Posted in Beer News

Beer & Cease & Desists

legal-glossaries

Judging by the number of people that have brought this to my attention, I guess it’s time to say something. So here goes.

Recently, SweetWater Brewing Company (ATL) sent and cease & desist letter to another quite popular brewery over the use of “420”. SweetWater is protecting the trademark of their #1 selling beer. Honestly, that happens all the time (in brewing and out). I recently met someone at a bar that spends their days sending the same kind of letter for The Walking Dead tv show. It has become a part of daily life for some.

Why are we talking about this today? Simple. After receiving the C&D, the brewer took to Twitter and voiced his reactions to the legal document. Now everyone knows about it. Within minutes of his Tweets, I was getting text messages an emails. Primarily because I live in Atlanta and am quite close with SweetWater. This type of stuff is drama and people thrive off of it. (Hell, it means more site traffic for Beer Street Journal too.) Various beer websites have picked up the story all reporting on these individual’s thoughts.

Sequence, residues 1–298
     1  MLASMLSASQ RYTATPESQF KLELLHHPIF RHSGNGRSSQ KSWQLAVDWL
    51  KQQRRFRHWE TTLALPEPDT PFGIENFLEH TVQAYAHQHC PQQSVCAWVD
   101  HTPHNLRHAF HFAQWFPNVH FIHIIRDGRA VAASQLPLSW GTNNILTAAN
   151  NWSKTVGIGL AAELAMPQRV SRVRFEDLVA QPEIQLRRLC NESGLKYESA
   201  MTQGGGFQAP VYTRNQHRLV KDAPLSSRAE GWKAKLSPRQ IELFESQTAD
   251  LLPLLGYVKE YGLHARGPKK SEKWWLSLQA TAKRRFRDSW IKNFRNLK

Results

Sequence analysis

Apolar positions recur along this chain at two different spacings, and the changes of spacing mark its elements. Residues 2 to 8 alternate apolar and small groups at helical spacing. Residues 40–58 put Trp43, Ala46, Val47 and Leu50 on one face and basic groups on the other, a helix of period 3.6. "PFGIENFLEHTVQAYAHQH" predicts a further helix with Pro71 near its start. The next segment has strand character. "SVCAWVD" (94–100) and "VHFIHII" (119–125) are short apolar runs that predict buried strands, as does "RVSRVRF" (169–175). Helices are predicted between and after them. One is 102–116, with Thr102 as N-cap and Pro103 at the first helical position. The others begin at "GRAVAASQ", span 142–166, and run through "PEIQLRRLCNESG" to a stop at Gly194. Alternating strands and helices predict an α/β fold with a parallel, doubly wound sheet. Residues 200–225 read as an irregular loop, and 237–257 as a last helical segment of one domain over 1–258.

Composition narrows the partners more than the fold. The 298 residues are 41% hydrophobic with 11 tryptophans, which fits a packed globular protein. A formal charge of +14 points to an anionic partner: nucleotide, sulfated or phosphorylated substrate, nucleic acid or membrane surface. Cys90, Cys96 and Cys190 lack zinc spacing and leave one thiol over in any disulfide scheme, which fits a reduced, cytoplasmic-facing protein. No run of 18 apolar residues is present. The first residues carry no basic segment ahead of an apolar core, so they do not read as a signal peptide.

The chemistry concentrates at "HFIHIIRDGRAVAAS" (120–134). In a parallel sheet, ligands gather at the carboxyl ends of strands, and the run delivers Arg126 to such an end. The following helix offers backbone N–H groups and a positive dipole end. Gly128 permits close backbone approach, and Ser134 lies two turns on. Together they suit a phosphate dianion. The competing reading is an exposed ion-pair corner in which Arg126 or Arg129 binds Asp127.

This is the thing. Cease and Desist letters happen ALL THE TIME in the brewing industry. More breweries means more beers, more beer names, and someone is going to get too close to another name. (Recently, Magic Hat & West Sixth). Sometimes it is interesting to see the drama unfold, logos change, etc. But this is the thing – do we go over this every time? Perhaps I’m biased. Perhaps when brewers fight publicly (again Magic Hat and West Sixth) we have to mention it.

So, here is the official mention on Beer Street Journal. Trying to leave the bias behind and let the suits sort it out. Personally, the suns up. Time for a beer.

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